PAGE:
AMD RDNA 2 IGP benchmarks crush competition

Ryzen 6000 Series RDNA 2 IGP graphics live up to bold AMD claims.

Most of AMD’s focus in the early part of 2022 is in getting more Ryzen chips into laptops. We know this because the main thrust of year-starting CES presentation was Ryzen 6000 Series mobile.

Club386 took a deep dive into the technology powering latest-generation mobile APUs, codenamed Rembrandt, and concluded “a big part of why AMD chooses to keep the CPU semi-shackled rests with harnessing RDNA 2-class graphics for the first time.”

It’s this RDNA 2-infused IGP which largely separates one mobile generation from the next, and given the heritage, AMD expects the best-in-class graphics to offer playable framerates at FHD for popular eSports titles. Not only that, RDNA 2 also has on-paper chops to run some more demanding games, going by our analysis. Remember, too, RDNA 2 graphics are split into Radeon 680M for Ryzen 7/9 and Radeon 660M for Ryzen 5 chips.

Getting to the nub of the matter, a Lenovo engineer has posted detailed performance numbers for both RDNA 2 IGP variants, comparing them to established IGPs and, also, a low-end discrete card. Let’s take a gander.

The two varieties of RDNA 2 IGP are represented by R5 6600H (660M) and R7 6800H (680M). As we predicted in our deep dive, comparisons show even R5’s performance is above the best of the last AMD mobile generation, shown in grey bars. Only 660M and 680M can run ray tracing, of course, hence why the other three comparisons score zero there.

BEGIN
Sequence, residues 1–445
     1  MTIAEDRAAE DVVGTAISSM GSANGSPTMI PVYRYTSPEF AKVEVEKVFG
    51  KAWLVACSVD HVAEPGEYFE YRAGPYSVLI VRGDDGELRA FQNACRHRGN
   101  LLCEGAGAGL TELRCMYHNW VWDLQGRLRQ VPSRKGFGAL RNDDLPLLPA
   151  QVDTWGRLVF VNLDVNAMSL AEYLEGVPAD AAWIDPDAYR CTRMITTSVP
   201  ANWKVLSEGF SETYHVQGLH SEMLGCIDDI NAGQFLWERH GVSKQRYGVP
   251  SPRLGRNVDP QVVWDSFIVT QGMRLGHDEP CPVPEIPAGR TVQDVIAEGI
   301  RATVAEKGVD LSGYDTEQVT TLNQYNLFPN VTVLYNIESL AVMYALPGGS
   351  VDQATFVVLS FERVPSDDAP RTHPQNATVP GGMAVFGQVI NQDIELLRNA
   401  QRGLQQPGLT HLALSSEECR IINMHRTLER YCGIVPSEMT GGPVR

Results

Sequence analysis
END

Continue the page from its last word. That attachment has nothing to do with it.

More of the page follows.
Full-fat 680M is more impressive. It’s almost twice as fast as the Vega-class graphics in R9 5900HS, as AMD intimated, and actually quicker than an entry-level Nvidia GeForce MX450 plumbed with a 25W TDP.

Moving on to real games, we only see comparisons against the aforementioned GeForce MX450. The overall conclusion is Radeon 680M more than holds its own, helped on through being serviced by fast memory, and numbers suggest FHD gameplay is possible on what we consider triple-A titles, albeit with quality turned down.

Compared to other integrated solutions, including the latest Intel 12th Gen in both Core i5 and Core i7 flavours, AMD’s integrated graphics are plain faster. This is wholly expected, of course, and brings the need for a low-end discrete GPU into sharper relief.

We can now see why AMD devoted a larger portion of the Rembrandt die to RDNA 2-class graphics; the Radeon 680M looks to be a decent performer.

If you take a look back through the preceding graphs you will understand the R7 6800H chip is run at a 54W TDP. That’s a little on the high side as AMD specifies it with a base 45W TDP. OEMs can decide the exact power limits, as Lenovo has done here, but even reducing the chip’s overall power budget to 42W, which is below spec, doesn’t diminish integrated performance by a noticeable degree.

That 42W is a good sweet spot, balancing out thermals and performance, though reducing the power down to 25W, shown in the red bars, does have the effect of dampening framerate by a lot. In that case, Radeon 680M performs more like Radeon 660M.

Nevertheless, the first in-depth testing suggests AMD has done a good job in raising the bar, substantially, for integrated graphics.